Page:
20 SEP 11 CHRIS SLAWECKI
The list of sidemen for the 1956 OJC date McLean's Scene illustrates the elite company which alto saxophonist Jackie McLean kept: Drummer Arthur Taylor, bassist Paul Chambers and pianists Red Garland and Mal Waldron, plus trumpeter Bill Hardman, with whom McLean played in Art Blakey's Jazz Messengers.
If it seems too convenient to compare the McLean/Hardman sax/trumpet frontline sound to this era's Miles Davis quintet with John Coltrane, that's how inventively McLean and Hardman play. It helps that Taylor, Chambers, and Garland comprised one of Davis' favorite rhythm sections, too. (More careful listening reveals that McLean actually played like Sonny Rollins, but somewhat more emotionally direct.)
Though it seems possible that McLean's Scene might have gotten lost among similar bop quintet titles when it was originally released, Concord's digital catalog keeps it available, which is a good thing. McLean's vision, wit and energy in just the Gershwin's "Love is Here to Stay," for example, prove worth your visit. "Outburst" blasts out of its opening downbeat with explosive momentum, and few pianists could set the improvisatory table like Garland's spread, on which the saxophonist gorges, in McLean's centerpiece title track. This single tune embodies the contemporary jazz shape and sound of its era.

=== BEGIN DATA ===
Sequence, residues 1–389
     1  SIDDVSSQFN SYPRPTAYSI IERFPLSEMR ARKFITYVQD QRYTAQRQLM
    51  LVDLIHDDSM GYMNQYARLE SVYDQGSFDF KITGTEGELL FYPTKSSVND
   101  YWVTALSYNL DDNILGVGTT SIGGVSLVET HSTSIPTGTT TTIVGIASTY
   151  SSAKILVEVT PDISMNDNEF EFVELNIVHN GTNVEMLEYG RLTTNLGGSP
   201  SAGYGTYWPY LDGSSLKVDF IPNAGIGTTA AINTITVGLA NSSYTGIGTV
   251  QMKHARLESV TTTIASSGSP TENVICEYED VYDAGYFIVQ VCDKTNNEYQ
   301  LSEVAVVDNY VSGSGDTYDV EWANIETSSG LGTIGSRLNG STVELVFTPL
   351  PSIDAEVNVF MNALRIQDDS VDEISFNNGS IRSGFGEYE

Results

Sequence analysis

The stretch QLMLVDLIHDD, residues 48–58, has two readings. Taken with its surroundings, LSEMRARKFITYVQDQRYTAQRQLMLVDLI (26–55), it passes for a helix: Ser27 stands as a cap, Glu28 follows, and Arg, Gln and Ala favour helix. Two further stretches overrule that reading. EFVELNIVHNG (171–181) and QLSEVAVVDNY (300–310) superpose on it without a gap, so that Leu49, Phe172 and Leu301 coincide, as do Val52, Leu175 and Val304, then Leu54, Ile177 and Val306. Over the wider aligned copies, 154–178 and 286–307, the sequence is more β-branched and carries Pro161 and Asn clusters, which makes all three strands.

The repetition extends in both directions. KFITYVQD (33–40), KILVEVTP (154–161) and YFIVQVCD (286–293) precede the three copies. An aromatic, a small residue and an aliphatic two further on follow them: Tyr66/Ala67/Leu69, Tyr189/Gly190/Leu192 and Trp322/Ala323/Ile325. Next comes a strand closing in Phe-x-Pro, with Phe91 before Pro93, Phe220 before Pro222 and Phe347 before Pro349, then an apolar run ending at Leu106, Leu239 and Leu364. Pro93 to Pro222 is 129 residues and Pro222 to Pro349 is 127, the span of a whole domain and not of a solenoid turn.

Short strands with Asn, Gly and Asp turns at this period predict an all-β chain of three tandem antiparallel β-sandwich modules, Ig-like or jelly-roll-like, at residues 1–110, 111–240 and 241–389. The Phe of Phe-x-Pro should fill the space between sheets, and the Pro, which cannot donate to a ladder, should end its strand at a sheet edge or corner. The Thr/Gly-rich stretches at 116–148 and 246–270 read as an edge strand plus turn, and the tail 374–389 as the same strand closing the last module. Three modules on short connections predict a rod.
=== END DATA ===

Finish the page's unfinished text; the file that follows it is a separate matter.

Waldron, Chambers, and Hardman starred on McLean's OJC release Jackie's Pal: Introducing Bill Hardman (1991), while Taylor drummed on McLean's Lights Out! (OJC, '91), both of which were also recorded in '56.